Confidence can be key to Sessegnon influence
SELF-belief and confidence will bring the best out of Stephane Sessegnon.
That's according to Baggies head coach Alan Irvine, who believes the forward prospered during Albion's second-half against Liverpool a fortnight ago.
Sessegnon also happened to enjoy one of his best games in an Albion shirt in the 2-1 victory at Old Trafford last season.
And Irvine feels the Benin international is more than capable of maintaining his progress in Monday night's televised Barclays Premier League fixture against Manchester United.
“He was one who we certainly saw a difference in from first half to second half at Liverpool," said Irvine.
“At half-time I was thinking he was one of the players I might have to take off.
“Yet within a short time of the second half starting I was thinking ‘there’s no way he’s coming off’ because he was being effective.
“He is the type of player who is only being effective when he’s playing with confidence and self-belief because what he does is hard.
“The players that run with the ball and go past people have the hardest job and I’m not talking as a member of the wingers’ union here!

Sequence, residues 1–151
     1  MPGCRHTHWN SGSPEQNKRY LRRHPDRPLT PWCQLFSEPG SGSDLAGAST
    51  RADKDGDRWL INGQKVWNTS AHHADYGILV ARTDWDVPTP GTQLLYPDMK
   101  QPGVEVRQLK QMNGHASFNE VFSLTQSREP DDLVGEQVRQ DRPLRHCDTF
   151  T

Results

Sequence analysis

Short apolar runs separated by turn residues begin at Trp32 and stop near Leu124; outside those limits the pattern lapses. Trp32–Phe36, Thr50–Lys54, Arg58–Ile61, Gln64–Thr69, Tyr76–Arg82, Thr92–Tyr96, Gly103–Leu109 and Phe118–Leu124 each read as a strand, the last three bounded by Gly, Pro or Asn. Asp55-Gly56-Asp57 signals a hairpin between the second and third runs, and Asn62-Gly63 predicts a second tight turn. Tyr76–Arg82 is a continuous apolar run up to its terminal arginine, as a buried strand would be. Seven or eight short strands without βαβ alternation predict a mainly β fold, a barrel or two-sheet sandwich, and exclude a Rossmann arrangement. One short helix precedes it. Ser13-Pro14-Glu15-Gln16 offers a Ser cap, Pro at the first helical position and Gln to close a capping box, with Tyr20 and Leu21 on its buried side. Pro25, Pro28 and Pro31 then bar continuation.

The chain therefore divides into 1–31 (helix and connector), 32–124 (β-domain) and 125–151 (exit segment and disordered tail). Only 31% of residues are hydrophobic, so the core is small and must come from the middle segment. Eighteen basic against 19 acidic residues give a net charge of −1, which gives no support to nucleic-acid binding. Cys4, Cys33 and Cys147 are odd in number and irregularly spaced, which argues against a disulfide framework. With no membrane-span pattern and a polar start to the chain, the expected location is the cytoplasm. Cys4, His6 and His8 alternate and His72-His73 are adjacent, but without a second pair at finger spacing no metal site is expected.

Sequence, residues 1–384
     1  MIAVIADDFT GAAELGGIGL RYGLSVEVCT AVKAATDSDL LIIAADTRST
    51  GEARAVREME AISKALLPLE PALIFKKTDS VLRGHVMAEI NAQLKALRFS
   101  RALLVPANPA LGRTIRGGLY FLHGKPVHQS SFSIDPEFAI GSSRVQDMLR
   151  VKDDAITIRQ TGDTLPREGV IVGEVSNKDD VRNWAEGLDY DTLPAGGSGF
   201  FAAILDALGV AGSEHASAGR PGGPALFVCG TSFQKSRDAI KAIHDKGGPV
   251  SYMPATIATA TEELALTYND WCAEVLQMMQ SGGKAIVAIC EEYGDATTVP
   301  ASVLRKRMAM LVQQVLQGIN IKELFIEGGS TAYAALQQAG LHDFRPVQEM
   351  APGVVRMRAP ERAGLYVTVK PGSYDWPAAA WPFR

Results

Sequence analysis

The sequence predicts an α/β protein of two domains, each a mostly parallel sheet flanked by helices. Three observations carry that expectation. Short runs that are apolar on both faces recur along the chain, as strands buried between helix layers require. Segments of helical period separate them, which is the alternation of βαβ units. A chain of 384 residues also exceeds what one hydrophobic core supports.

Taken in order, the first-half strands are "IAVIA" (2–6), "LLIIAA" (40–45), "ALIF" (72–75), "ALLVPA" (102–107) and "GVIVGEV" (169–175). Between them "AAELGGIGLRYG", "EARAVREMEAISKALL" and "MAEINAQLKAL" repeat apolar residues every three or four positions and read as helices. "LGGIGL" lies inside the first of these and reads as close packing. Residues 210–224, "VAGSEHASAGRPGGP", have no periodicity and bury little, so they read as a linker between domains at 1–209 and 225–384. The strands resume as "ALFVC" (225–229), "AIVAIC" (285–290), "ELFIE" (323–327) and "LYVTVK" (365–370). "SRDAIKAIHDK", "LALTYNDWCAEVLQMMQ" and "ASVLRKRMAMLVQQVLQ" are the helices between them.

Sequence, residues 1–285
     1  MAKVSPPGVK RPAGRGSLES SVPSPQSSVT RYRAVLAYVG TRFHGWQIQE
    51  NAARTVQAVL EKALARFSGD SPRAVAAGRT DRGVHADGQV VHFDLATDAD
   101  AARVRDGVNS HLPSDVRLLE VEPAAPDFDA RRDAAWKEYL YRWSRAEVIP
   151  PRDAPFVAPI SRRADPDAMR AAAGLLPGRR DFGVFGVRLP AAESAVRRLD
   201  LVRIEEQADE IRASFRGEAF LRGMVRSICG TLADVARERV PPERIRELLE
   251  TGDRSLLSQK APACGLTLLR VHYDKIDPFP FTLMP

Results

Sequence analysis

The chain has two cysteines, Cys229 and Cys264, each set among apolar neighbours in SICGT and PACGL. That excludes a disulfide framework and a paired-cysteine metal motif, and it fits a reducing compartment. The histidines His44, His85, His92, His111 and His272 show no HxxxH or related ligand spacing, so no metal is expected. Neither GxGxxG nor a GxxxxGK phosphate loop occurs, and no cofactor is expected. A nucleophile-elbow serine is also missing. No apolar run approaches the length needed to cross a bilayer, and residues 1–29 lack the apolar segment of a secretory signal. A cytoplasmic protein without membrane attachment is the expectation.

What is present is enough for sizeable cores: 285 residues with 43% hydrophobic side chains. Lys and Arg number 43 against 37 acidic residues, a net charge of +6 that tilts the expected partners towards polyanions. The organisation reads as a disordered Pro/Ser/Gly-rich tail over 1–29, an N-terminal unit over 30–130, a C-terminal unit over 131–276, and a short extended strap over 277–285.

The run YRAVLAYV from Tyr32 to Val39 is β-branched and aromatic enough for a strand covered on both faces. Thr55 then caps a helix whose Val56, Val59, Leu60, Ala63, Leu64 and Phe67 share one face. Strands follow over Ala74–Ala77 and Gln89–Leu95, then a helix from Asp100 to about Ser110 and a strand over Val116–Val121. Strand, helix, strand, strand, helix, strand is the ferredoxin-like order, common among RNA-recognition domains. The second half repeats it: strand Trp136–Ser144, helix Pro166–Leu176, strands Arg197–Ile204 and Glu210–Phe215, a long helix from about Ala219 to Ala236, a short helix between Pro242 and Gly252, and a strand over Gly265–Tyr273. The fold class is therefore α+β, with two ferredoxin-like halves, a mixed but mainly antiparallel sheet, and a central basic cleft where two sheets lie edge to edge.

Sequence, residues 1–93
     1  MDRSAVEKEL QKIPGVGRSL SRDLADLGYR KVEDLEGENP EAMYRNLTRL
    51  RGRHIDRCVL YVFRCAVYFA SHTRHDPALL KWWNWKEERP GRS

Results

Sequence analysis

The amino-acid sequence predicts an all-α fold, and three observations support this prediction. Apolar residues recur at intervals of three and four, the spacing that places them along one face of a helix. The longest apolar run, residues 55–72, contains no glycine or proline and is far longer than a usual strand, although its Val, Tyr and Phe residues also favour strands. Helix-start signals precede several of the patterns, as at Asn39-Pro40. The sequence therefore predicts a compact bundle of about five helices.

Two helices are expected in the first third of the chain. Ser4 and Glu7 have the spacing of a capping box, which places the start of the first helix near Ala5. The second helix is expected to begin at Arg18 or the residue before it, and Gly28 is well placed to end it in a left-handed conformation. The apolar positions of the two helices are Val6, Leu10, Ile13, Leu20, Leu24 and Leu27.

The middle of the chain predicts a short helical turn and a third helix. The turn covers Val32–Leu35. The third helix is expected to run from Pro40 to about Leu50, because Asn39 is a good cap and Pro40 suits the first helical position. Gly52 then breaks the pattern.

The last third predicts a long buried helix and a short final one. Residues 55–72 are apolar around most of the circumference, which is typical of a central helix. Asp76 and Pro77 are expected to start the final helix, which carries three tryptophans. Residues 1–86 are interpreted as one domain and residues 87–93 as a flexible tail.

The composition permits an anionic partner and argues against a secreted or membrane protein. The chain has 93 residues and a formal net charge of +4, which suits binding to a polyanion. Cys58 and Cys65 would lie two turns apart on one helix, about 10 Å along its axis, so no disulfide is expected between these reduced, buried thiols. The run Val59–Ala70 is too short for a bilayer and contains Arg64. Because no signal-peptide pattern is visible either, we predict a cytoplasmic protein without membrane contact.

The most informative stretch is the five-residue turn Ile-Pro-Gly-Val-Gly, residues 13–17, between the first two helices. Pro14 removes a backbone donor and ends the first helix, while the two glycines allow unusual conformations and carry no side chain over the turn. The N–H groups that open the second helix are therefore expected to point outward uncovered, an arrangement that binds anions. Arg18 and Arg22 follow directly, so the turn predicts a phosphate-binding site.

“I can still go out there and pass it but I couldn’t beat anybody, so it’s something that is really hard to do.
“He’s got to believe in himself and be somebody who wants the ball and thinks ‘I can do this’."
Sessegnon's willingness to take-on players and show invention is one of his best assets, claims Irvine.
"Quite frankly he’s not in the team to make sideways passes," added Irvine.
“He’s in the team to open the door for us. If you haven’t beaten your man a couple of times when you’ve tried it those little seeds of doubt just start to come in and before you know it you can’t do it.
“Beating people is an aggressive action and you can only really be aggressive when you’ve got a positive mindset.
“Without my winger’s hat on, it’s the hardest thing to do, and I would always encourage people like Stephane to take people on and run with the ball.
“All he’s got to do is pick the right moments.
“It would be madness for him to think he’s going to do it every time he gets the ball for a few reasons.
“Firstly you let everyone else know that’s what you’re going to do so they’re ready for it, but also because the circumstances won’t be right most of the time. But he will be encouraged to do it but at the right moments."